N.C. State

North Carolina State University students wearing face coverings walk behind Dabney Hall to the Free Expression Tunnel on Tuesday, Aug. 18, in Raleigh. The university announced Thursday, Aug. 20, it will move all undergraduate classes online starting on Monday due to COVID-19 clusters.

RALEIGH — Appalachian State and UNC-Greensboro were the two largest UNC system institutions still conducting a portion of fall semester undergraduate classes in person as of Tuesday, Aug. 25.

Over the past week, the system’s four largest universities in terms of enrollment — UNC-Chapel Hill, N.C. State, East Carolina and UNC-Charlotte — have announced that all undergraduate classes will take place online, at least temporarily, amid rising COVID-19 infections on college campuses.

UNC-Chapel Hill was the first to announce it would shift from a mix of in-person and online instruction to remote learning for all undergraduate courses — one week after fall classes began on Aug. 10. In the week since UNC-Chapel Hill announced it would make the shift and work to “de-densify” its campus, including moving students out of residence halls, 513 new student cases have been reported, including multiple clusters in residence halls. Granville Towers is the largest cluster, with 152 cases in the student housing complex, according to UNC-Chapel Hill’s COVID-19 dashboard.

For the week of Aug. 17 to 23, the percent of tests with positive results had risen to 32.2 percent, according to the dashboard.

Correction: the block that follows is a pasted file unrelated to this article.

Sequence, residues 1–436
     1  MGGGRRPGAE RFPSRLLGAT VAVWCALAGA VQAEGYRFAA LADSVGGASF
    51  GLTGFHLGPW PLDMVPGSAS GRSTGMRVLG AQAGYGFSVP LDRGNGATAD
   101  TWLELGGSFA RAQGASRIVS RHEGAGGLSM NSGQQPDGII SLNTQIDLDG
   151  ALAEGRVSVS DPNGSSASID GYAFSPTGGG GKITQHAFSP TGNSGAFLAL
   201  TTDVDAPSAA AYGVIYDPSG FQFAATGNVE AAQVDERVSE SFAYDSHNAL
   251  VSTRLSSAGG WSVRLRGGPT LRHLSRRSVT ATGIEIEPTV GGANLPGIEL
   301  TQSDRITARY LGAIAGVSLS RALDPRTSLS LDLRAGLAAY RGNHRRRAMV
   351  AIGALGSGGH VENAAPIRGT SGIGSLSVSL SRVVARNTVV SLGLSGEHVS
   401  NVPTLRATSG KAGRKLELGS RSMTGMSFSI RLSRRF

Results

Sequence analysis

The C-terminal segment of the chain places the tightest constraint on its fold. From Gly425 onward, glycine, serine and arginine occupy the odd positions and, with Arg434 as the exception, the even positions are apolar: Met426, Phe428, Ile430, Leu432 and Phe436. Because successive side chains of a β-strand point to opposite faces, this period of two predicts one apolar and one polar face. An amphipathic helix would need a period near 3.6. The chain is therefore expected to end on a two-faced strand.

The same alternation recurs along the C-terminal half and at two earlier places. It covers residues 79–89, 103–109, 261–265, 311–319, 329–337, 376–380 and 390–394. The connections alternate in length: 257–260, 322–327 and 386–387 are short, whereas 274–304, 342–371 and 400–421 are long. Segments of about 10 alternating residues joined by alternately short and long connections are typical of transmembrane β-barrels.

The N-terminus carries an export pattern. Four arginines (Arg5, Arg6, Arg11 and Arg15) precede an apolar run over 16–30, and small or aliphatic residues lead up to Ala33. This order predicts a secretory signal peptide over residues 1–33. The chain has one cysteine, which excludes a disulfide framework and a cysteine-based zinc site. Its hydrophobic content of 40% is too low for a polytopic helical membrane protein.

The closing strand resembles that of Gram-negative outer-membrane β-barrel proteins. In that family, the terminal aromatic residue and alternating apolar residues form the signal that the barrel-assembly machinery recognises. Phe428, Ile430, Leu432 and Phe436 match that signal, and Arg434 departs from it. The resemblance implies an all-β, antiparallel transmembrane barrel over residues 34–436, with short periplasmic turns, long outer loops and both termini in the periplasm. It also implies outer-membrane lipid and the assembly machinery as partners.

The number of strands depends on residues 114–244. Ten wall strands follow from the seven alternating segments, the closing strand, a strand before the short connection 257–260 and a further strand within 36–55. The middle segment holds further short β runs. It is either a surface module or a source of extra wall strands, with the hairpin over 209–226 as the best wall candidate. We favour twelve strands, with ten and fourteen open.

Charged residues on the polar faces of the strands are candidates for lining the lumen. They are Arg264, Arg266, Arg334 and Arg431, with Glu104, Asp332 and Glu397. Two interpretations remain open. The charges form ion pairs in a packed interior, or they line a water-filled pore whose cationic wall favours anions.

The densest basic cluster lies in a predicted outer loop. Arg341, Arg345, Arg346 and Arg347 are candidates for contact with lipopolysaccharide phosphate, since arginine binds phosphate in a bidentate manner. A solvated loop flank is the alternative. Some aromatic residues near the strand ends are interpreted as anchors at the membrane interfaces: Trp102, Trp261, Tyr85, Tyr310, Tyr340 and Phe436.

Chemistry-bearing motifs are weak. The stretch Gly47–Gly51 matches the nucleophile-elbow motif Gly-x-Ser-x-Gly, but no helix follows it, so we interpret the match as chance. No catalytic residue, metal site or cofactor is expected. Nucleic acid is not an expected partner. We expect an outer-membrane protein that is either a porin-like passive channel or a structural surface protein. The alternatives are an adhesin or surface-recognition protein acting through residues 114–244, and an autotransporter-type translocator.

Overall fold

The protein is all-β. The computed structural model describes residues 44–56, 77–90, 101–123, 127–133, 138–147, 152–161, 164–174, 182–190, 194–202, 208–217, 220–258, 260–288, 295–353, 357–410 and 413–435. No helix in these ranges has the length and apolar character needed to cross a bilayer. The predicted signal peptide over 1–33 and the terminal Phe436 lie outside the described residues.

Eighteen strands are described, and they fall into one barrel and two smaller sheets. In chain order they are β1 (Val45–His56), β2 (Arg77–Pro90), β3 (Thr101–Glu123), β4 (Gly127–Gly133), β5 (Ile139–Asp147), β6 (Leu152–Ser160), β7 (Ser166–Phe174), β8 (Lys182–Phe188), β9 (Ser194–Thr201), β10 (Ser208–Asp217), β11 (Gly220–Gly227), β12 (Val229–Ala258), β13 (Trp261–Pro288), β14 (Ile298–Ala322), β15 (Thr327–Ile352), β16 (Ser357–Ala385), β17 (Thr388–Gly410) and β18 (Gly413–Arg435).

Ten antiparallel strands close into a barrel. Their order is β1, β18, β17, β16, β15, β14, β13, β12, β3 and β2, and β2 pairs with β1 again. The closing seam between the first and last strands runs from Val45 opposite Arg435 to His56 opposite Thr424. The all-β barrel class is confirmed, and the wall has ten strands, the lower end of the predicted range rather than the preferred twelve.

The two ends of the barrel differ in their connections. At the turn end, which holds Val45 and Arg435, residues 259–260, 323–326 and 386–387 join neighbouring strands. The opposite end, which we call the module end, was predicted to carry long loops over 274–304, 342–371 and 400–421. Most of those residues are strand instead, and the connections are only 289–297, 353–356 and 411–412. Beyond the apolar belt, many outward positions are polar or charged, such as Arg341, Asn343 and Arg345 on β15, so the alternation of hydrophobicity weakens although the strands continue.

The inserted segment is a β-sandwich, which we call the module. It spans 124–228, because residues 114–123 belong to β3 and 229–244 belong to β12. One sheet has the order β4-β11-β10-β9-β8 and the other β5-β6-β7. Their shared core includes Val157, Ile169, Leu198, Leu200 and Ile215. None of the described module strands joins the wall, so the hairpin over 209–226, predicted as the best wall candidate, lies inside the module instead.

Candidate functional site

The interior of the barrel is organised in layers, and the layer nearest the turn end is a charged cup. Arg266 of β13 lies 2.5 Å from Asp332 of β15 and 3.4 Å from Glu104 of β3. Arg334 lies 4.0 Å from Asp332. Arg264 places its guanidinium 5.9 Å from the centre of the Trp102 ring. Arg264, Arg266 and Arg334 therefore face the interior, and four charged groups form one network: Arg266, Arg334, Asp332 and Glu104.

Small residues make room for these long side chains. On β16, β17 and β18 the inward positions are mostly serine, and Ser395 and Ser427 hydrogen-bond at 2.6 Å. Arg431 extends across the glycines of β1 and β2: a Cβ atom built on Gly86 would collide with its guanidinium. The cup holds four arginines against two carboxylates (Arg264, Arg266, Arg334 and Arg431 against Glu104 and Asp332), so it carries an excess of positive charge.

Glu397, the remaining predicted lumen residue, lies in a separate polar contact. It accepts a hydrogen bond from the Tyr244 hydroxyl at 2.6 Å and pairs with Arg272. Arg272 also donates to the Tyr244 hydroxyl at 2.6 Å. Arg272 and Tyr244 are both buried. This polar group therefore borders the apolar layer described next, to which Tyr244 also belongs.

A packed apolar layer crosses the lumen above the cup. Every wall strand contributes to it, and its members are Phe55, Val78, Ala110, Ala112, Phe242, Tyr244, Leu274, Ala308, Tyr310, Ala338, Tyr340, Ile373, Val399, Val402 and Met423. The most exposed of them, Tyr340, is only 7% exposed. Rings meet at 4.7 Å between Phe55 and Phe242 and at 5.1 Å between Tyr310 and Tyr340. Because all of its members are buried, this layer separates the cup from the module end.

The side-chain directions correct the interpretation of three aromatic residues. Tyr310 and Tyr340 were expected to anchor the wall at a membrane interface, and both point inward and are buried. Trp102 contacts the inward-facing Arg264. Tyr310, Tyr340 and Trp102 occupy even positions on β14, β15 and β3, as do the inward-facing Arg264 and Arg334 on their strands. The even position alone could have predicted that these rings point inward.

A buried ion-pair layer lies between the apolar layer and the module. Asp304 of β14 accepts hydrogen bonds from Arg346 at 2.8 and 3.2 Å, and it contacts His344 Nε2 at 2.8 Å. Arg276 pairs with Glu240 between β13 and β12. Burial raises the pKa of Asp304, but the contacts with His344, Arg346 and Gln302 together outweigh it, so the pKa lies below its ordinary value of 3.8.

N.C. State University, which also began fall classes on Aug. 10, on Aug. 20 became the second University of North Carolina system institution to announce it would move all classes online.

N.C. State Chancellor Randy Woodson announced in a statement to campus that all in-person and hybrid undergraduate courses would move to online instruction beginning Monday, Aug. 24. While student residence halls will not close, the university will offer housing and dining refunds for those who choose to move off campus, he said.

Woodson thanked the staff and faculty who “worked tirelessly over the past many weeks to prepare our campus to be an effective, and safe, learning and living environment” but had strong words about “the negative impacts caused by those who did not take personal responsibility.”

“We’ve had reports of large parties in off-campus apartments. In the last two days alone, we’ve identified three COVID-19 clusters in off-campus and Greek Village houses that can be traced to parties and behavior outside of our community standards and the governor’s mandates,” Woodson said. “We’re seeing significant infections in Greek life, and at this time there have been another seven Greek houses that have been quarantined due to a number of additional positive cases.

“Battling the spread of COVID-19 is a challenging endeavor even when everyone is practicing safety measures,” Woodson continued. “Unfortunately, the actions of a few are jeopardizing the health and safety of the larger community.”

In a statement to the Associated Press, Josh Ellis, spokesman for the UNC system, said that decisions on whether to shift to remote classes will be made by individual campuses with the necessary approval.

“Any decision to modify campus operations will be made by the president (Peter Hans), with each chancellor, in consultation with the leadership of both boards of trustees and the Board of Governors, and always grounded in reliable public health data and prevailing local health conditions,” Ellis said.

In a statement released Aug. 20 by the UNC system, Hans, like Woodson, pointed the finger at students.

“Over the spring and summer every institution prepared for the fall semester under the guidance of well-known public health officials,” Hans said. “This hard work is being undermined by a very small number of students behaving irresponsibly off campus, which unfairly punishes the vast majority of their classmates who are following the rules.”